Barrick Gold Corp. has confirmed plans to add independent directors to its board and review how much it pays its executives amid increased shareholder pressure.
The gold producer has faced months of criticism over its weak financial performance, extravagant compensation and the lack of independent mining experts in its boardroom.
But on Tuesday, Barrick said investors can expect an update on its plans before the end of the year.
“The board is in the process of further strengthening its governance practices, through the addition of independent directors, and through improvements to executive compensation practices in line with the principle of pay-for-performance,” spokesman Andy Lloyd said.
Earlier this year, a group of seven major pension funds took issue with the Toronto-based miner’s decision to pay an “unprecedented” sum of more than $17-million to the company’s co-chairman, John Thornton. A majority of stakeholders did not approve that compensation, voting against it and other multimillion-dollar payments to board members, including Barrick’s founder and co-chairman Peter Munk.
Barrick’s current governance team is now united on the path forward, the company says. The entire board is in “full agreement with respect to initiatives under way to strengthen governance practices, including the appointment of independent directors and improvements to executive compensation practices,.” Mr. Lloyd said.
A group of fund managers in Europe is also pressing for board changes and a succession plan for Mr. Munk, according to The Wall Street Journal.
But even if Barrick can address investor frustrations with the board of directors, there are other problems at hand.
Some of the pressures Barrick faces are being felt by the whole mining industry, including increased production costs, weak gold prices and project delays. But Barrick’s losses on ill-conceived acquisitions have been high. The gold producer has written off more than $12-billion this year. Barrick shares have plunged over the past year.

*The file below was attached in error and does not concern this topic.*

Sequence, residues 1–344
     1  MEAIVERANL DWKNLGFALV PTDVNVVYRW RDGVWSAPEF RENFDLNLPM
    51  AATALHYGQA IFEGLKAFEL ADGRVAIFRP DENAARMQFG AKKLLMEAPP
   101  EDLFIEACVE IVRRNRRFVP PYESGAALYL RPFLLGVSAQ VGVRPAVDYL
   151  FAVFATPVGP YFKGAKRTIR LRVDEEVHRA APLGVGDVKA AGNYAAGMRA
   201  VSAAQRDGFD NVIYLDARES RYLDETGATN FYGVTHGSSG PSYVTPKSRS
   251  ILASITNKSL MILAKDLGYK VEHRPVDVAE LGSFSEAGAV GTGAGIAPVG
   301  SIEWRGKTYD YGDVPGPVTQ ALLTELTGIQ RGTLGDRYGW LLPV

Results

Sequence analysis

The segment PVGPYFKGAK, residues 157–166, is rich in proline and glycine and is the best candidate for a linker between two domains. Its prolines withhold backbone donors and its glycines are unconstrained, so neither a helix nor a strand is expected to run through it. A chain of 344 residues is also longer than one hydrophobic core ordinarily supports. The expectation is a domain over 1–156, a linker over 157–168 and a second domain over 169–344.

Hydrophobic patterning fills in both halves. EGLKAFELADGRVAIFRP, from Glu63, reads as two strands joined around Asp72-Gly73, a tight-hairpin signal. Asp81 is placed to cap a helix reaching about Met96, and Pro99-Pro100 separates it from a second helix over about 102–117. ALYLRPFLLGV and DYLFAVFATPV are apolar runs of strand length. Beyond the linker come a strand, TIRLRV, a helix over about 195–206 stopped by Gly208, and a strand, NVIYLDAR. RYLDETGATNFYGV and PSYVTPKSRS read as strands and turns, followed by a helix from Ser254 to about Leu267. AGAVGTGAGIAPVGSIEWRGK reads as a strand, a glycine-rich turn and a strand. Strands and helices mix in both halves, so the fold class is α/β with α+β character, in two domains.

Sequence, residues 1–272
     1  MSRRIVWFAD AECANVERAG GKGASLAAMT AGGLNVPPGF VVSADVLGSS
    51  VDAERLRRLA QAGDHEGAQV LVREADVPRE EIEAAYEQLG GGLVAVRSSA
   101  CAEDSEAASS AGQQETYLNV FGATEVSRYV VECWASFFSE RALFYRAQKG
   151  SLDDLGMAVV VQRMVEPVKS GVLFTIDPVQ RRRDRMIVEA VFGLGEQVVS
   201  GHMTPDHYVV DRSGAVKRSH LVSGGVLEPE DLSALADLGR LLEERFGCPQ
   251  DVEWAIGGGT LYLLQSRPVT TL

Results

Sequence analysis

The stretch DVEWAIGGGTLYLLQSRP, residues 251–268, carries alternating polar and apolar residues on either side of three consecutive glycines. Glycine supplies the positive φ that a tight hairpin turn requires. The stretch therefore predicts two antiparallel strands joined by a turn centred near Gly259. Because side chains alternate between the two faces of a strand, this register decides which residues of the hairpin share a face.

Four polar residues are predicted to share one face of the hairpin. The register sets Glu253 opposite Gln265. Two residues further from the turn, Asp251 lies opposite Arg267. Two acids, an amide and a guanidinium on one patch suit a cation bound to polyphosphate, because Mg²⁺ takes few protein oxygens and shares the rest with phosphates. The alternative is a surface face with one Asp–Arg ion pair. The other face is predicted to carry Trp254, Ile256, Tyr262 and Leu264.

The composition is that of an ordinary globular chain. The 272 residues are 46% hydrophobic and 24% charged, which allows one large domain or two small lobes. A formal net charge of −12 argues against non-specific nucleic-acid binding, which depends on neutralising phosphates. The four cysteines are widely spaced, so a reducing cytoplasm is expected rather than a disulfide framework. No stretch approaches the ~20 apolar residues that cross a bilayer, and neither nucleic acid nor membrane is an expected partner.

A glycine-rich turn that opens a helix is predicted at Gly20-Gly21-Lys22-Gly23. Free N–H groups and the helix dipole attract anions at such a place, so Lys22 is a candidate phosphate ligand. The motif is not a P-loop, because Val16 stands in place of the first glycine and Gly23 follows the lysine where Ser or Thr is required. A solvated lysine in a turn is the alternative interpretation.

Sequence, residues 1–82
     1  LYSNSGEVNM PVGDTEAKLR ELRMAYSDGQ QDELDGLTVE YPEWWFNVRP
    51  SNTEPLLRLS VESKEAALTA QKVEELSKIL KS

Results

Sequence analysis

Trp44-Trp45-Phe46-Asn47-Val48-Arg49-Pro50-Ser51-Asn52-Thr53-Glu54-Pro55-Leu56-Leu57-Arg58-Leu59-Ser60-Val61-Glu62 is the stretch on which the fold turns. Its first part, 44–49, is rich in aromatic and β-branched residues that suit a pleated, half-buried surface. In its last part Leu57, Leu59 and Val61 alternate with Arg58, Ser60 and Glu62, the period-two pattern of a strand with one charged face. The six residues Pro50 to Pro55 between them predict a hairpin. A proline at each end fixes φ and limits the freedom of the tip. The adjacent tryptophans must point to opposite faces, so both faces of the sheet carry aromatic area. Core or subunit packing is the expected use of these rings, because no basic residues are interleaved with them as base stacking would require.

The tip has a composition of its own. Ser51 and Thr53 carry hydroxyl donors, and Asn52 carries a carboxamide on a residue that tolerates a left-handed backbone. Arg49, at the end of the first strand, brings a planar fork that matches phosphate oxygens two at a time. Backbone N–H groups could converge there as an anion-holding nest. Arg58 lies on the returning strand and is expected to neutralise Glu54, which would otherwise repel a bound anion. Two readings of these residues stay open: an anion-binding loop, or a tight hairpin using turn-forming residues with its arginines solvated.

David Haughton, an analyst at BMO Nesbitt Burns Inc., said Barrick has been taking steps to address market concerns about its balance sheet and cost overruns and delays at the massive Pascua-Lama project in South America.
On Aug. 1, Barrick announced a second-quarter loss of $8.6-billion (U.S.), including $8.7-billion after-tax impairment charges, and a quarterly dividend cut to 5 cents a share from 20 cents.
Industry analysts say the company, which had $13.4-billion in net debt at the end of June, is trying to shrink its way to profitability by closing high-cost mines and focusing on production at its core assets.
Concerns over both profitability and corporate governance prompted U.S. hedge fund Two Fish Management LLC to send Barrick’s management team a long proposal that suggested ways to turn the company around.
Two Fish co-founder Mike Morris says his firm has a relatively small stake in Barrick (mostly through options), but is in touch with other investors in the U.S. and Europe.
Mr. Morris says discussions with industry executives indicates that a new slate of directors will be brought forward in time for the company’s next annual meeting next year and will likely be elected. “There’s immense pressure on these guys,” he said of Barrick’s executives. “They’ll either fix it themselves or it will be forced on them.”
Barrick shares rose 20 cents to close at $18.87 (Canadian) on Tuesday on the Toronto Stock Exchange, up 11 per cent since the second-quarter results were released, but down 55 per cent from their 52-week high of $42.08 in September of 2012.